These came to mind while I was reading a newspaper article on a recently condemned apartment. The article cited one of the reasons, among many, for the apartment being condemned as it being infested with bedbugs. Also cited was the fact that the apartment could not be heated to an appropriate temperature due to, and I’m quoting here (as will be obvious to many of you, or at least I’d hope it would be!), “lousy insulation”.
I suspect you can see where the problem, and the, I suspect, completely unintentional humor, lies. For those that might not be aware of the definition of the term “lousy”, it is, “to be infested with lice.” So, one could assume, given the infestation of bedbugs that was mentioned, the insulation probably was lousy. But I’m pretty sure what the writer meant was it was “insufficient”.
This misuse of the term lousy completely distracted me from the article itself. Jon and I have both reviewed many proposals that contained misused words that caused similar distractions (in our opinion, it’s the humorous ones that are the most distracting) and we’ve offered up a number of our favorite examples over the years.
I offer this one for your amusement and as a reminder to chose/use your words carefully.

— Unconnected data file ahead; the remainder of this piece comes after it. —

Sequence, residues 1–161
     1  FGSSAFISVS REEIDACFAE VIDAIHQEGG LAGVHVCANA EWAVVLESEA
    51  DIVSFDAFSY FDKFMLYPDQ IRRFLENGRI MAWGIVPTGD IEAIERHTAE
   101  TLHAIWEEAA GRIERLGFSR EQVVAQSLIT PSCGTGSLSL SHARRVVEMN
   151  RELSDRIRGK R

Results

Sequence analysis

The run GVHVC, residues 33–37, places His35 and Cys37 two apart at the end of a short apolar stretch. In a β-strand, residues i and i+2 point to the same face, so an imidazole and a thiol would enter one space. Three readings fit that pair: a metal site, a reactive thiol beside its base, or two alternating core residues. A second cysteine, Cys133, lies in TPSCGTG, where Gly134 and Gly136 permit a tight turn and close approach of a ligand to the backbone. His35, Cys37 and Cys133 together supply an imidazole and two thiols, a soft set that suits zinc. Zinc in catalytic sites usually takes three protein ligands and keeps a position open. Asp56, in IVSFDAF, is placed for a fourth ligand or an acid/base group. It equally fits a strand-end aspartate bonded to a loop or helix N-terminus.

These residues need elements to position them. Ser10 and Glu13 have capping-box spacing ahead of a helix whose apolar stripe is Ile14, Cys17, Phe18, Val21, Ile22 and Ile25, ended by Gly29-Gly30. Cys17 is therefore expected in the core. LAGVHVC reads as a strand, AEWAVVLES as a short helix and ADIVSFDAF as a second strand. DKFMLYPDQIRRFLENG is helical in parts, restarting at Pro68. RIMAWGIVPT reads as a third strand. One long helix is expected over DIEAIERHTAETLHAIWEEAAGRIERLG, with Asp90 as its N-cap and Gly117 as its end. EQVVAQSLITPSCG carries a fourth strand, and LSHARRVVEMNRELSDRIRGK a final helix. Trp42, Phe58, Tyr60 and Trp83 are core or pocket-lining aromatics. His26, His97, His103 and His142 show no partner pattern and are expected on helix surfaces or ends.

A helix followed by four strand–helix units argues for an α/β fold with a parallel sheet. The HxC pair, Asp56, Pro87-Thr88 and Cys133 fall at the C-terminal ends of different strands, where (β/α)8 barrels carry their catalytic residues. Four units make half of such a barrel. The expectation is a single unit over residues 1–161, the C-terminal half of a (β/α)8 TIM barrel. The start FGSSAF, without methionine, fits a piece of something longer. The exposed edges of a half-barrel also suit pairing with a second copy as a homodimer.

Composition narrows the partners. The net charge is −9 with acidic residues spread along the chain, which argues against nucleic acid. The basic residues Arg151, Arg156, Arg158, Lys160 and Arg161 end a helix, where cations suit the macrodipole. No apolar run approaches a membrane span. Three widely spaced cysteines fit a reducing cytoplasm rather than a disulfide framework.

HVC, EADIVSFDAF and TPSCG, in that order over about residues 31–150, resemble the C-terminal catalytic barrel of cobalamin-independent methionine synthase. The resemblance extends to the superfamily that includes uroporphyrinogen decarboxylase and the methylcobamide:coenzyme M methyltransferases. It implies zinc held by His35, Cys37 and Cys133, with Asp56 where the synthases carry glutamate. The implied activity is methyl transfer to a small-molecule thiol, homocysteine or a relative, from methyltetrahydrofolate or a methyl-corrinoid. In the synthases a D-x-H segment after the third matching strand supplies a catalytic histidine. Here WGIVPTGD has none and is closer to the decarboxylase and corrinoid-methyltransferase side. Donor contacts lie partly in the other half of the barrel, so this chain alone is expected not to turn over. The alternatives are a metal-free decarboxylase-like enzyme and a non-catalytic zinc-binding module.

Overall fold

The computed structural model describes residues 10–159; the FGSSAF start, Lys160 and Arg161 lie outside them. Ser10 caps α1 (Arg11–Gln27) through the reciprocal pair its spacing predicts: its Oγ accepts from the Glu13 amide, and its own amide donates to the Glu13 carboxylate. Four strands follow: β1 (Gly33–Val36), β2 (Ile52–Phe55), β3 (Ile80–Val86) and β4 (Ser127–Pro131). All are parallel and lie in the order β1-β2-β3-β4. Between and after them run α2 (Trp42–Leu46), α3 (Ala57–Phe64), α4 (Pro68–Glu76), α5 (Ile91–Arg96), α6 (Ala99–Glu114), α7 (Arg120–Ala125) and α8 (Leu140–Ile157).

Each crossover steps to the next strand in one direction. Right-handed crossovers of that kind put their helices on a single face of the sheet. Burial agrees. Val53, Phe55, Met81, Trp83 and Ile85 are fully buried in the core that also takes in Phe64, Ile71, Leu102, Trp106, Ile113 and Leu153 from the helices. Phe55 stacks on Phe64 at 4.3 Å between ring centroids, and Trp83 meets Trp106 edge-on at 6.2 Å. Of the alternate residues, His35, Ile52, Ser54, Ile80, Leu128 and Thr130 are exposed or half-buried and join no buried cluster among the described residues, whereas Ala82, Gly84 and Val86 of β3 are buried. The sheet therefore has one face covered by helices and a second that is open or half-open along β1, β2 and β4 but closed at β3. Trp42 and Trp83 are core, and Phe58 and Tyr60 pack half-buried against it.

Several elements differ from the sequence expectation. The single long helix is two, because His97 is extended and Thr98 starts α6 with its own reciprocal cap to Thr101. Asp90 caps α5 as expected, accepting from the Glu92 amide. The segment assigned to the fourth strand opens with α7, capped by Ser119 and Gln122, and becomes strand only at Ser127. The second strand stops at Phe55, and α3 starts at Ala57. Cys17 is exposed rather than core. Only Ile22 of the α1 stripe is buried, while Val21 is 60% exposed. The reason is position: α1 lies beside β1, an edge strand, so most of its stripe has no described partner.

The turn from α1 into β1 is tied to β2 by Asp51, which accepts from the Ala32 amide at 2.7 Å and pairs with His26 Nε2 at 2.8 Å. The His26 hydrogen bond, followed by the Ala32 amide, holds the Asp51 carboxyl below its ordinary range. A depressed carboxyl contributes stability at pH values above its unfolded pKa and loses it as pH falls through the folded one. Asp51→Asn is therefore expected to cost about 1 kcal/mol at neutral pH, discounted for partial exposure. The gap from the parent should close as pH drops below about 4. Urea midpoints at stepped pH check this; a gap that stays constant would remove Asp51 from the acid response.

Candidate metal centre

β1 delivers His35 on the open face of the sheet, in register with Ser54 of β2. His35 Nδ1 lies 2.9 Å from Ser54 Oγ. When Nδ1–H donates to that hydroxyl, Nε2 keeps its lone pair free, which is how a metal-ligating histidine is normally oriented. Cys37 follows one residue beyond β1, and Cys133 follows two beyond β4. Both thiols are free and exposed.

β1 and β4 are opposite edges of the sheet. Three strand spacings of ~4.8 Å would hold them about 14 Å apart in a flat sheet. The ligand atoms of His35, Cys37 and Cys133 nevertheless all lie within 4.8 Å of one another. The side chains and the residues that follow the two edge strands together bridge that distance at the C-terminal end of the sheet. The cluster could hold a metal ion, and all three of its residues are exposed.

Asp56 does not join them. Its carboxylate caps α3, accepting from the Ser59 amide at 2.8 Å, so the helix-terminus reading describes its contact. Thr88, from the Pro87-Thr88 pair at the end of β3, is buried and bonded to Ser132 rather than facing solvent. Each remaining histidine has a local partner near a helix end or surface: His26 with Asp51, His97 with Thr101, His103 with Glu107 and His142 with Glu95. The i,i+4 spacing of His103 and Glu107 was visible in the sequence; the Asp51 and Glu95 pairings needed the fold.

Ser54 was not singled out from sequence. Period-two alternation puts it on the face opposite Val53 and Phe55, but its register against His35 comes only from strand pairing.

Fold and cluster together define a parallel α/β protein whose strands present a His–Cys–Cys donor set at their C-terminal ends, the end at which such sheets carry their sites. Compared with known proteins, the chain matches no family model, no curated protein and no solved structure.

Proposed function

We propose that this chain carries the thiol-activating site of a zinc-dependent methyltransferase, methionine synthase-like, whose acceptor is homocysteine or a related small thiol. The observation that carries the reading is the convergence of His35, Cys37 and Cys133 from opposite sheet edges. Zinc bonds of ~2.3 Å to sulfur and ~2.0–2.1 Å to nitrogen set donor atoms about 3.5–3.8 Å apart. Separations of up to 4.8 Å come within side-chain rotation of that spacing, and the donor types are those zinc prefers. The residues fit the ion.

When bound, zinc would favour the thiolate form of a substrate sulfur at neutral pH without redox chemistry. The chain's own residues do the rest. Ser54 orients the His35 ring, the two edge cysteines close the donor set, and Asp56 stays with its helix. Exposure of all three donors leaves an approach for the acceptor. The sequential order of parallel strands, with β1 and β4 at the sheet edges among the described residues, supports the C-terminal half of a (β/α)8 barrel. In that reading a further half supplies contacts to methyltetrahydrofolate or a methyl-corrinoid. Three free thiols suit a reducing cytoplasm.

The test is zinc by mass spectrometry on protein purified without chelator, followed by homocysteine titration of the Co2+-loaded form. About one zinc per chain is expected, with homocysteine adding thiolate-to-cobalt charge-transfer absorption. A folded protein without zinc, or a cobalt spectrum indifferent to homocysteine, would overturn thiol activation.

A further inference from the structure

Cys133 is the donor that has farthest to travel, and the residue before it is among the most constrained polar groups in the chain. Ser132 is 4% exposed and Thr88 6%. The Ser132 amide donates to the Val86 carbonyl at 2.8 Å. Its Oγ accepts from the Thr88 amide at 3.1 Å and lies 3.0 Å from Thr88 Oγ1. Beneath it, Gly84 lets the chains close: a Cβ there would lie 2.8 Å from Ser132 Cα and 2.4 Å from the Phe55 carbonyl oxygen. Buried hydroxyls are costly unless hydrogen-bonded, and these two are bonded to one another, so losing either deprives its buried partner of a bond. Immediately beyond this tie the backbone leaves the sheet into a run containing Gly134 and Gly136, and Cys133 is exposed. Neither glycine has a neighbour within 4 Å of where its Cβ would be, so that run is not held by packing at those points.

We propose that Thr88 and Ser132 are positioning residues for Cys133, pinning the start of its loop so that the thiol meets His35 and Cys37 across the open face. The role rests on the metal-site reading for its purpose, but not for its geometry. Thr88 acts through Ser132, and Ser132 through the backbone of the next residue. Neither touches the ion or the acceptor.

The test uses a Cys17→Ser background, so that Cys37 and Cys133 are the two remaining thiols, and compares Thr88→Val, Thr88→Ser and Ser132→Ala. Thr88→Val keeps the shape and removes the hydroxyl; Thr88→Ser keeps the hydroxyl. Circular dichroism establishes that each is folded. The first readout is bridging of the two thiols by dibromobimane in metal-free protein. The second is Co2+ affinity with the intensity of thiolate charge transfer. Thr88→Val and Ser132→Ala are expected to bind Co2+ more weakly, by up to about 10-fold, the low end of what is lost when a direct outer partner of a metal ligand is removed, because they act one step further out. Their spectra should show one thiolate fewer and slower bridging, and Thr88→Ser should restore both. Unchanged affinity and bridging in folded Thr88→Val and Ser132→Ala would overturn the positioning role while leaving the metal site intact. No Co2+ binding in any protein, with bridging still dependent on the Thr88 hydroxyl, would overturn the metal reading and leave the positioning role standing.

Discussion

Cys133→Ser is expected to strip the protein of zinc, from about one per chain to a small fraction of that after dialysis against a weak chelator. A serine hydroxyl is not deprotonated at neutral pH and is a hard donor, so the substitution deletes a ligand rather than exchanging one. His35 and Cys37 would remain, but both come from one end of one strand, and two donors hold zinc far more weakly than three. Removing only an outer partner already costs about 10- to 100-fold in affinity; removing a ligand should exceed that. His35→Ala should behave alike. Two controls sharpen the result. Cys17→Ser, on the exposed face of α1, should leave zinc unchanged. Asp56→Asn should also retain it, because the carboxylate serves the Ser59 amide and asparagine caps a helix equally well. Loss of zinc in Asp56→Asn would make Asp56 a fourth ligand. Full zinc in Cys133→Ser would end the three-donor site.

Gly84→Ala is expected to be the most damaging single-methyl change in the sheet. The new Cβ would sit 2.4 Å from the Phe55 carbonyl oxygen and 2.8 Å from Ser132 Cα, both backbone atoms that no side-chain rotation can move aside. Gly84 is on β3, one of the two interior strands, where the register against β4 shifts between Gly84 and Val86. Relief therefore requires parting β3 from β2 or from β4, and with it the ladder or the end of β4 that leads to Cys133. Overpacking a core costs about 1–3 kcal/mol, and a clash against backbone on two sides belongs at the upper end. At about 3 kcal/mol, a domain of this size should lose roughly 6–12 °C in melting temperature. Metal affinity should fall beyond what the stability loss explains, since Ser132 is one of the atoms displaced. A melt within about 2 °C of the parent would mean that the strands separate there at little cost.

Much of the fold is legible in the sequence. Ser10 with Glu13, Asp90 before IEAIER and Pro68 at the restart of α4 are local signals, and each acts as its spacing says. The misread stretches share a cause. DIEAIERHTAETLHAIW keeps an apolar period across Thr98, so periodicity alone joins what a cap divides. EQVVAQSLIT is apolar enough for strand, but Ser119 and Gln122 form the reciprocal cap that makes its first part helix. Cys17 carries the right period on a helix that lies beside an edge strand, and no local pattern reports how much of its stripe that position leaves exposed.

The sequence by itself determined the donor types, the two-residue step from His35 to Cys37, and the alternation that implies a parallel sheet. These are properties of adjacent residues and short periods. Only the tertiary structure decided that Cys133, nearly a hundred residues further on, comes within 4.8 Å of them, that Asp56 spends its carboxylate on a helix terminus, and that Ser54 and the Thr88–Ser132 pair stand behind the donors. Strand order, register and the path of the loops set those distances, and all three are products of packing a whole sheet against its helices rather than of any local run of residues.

An interesting article on the BBC News site the other day discussed the impact of spelling mistakes on online sales.
An entrepreneur, Charles Duncombe, noted that “sales figures suggest misspellings put off consumers who could have concerns about a website’s credibility” – especially when one only gets “about six seconds” to capture the viewer’s attention on a website. He quotes a proof point: after a spelling error was corrected on one of his company’s websites, revenue doubled.
The article added:
William Dutton, director of the Oxford Internet Institute at Oxford University, says that in some informal parts of the internet, such as Facebook, there is greater tolerance towards spelling and grammar. “However, there are other aspects, such as a home page or commercial offering that are not among friends and which raise concerns over trust and credibility,” said Professor Dutton.